Disappointed with what it termed a "lack of urgency" by Gulfport Energy Corp. to address low stock prices, a hedge fund went public with its demands, hinting that a proxy fight to replace the board might be its next action.
Gulfport's shares have lost 84% of their value in the past five years, and Firefly Value Partners LP, which said its funds own an 8.1% stake in Gulfport and have owned shares the whole time, cast doubt that the company's board of directors has the skill and talent to stop the slide.
Firefly said in a public letter to the company's board that Gulfport could juice the company's share price by $9 if it buys back $500 million worth of equity in the next year. Gulfport shares closed at $8.90 on Jan. 16.
"We have been discouraged by the board's lack of urgency in addressing the company's prolonged stock price underperformance and its unwillingness to commit to actions that we believe would maximize value for stockholder," Firefly said in its letter to the board.
The hedge fund said it talked privately with the board in December 2018 and failed to get any action. "At this point, we are concerned that the current board does not possess the necessary skills, experience, or alignment with the company's stockholders to effectively steer Gulfport's strategy and maximize long-term shareholder value," Firefly said.
Firefly said it made its complaints public to encourage other large investors to join it in pressuring Gulfport to take action. While letter contained no specific threats of what Firefly will do if its demands are not met, Firefly's news release directed investors to contact a consulting firm that specializes in organizing proxy campaigns for company control. If Firefly decides to move in that direction, it would be the hedge fund's first proxy battle, according to S&P Global Market Intelligence's database.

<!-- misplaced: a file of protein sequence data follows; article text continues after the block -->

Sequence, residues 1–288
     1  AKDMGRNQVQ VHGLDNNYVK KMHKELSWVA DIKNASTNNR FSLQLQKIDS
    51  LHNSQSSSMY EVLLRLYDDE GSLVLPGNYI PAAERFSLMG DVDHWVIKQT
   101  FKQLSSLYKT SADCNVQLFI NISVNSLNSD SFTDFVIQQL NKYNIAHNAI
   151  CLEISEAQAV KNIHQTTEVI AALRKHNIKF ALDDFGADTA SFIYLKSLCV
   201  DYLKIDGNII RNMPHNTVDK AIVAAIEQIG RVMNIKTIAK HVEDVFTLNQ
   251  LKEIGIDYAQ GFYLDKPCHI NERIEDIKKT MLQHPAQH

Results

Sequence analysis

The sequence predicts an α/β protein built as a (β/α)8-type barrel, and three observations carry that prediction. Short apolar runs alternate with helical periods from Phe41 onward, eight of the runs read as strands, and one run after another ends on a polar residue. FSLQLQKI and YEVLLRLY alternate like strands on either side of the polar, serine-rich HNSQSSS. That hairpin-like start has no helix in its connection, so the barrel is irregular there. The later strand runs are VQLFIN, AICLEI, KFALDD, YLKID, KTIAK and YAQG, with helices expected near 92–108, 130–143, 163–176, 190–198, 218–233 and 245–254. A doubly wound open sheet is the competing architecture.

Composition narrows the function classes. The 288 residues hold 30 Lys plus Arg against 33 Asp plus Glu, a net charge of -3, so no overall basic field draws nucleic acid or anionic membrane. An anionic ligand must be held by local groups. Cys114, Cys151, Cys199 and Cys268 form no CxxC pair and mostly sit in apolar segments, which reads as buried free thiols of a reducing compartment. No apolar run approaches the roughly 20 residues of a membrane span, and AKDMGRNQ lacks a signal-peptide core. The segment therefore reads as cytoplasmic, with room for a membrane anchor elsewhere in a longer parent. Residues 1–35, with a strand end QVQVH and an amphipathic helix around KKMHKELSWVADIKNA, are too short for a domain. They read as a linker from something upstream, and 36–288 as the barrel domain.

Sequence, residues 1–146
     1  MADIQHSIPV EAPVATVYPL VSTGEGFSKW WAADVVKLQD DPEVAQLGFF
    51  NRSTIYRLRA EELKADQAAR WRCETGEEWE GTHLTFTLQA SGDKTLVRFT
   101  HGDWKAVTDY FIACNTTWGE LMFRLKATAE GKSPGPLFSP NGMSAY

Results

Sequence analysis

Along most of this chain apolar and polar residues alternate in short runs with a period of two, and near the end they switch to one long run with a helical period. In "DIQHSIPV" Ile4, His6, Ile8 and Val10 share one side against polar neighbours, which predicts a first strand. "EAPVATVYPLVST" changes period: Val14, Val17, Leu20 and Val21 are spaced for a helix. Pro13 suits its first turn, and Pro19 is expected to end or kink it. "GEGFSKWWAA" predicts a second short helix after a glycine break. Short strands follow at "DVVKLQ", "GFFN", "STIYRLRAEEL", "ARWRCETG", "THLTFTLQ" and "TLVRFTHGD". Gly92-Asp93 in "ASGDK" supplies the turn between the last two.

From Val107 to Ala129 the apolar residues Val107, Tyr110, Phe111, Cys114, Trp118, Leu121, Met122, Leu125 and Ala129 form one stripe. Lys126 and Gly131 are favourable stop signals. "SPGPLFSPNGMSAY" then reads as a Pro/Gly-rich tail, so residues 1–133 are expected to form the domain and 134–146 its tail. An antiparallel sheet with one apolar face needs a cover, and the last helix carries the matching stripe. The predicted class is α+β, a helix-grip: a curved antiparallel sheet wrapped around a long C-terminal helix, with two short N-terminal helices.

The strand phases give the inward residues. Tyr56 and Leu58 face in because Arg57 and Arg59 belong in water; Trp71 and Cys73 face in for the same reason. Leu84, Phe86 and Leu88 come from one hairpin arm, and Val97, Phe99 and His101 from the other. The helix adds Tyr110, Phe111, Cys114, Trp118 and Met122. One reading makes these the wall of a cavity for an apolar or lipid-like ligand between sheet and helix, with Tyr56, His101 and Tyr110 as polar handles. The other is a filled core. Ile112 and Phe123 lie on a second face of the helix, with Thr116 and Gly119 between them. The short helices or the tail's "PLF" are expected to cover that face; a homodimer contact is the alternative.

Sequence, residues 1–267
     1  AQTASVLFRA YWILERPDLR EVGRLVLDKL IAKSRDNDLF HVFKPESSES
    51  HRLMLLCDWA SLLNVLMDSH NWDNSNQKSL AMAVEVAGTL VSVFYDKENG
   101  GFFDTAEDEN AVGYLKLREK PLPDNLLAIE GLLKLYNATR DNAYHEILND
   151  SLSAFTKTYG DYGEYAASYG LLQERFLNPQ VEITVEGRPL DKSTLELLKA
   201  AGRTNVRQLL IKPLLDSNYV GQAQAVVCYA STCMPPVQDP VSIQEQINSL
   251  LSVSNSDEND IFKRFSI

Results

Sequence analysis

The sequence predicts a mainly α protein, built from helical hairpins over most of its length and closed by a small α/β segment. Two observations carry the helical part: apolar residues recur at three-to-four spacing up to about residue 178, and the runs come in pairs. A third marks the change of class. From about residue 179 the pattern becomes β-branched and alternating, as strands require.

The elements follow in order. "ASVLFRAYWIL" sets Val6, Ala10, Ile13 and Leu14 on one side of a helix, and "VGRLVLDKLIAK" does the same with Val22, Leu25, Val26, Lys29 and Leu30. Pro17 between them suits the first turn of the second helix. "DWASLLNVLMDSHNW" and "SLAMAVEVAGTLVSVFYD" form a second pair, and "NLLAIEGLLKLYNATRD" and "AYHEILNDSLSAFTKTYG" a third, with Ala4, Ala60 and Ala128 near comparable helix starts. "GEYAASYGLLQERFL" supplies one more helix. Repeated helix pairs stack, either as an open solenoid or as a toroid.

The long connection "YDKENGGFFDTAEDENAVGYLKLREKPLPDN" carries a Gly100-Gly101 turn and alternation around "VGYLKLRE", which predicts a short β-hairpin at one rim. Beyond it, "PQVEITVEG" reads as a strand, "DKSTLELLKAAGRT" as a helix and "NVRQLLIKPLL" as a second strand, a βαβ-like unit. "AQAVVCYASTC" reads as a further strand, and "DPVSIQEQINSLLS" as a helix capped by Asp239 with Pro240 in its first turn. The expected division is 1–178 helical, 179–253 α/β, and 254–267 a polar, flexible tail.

Firefly claimed that a share buyback and a declared moratorium on issuance of new shares is a better use of the company's free cash than any acceleration of drilling efforts in Ohio's Utica Shale or Oklahoma's SCOOP play. Gulfport recently hired a new CEO with significant experience in the Marcellus and Utica shales after spending most of 2018 shifting its efforts away from the Utica Shale and using the cash generated from its Ohio wells to finance expanded drilling in the liquids-rich SCOOP.
The hedge fund said Gulfport, which has bought back $110 million of its own shares under an existing $200 million buyback plan, has enough cash on hand, positive cash flow and noncore assets that it could sell to finance a $500 million buyback, which would roughly double the shares' current value.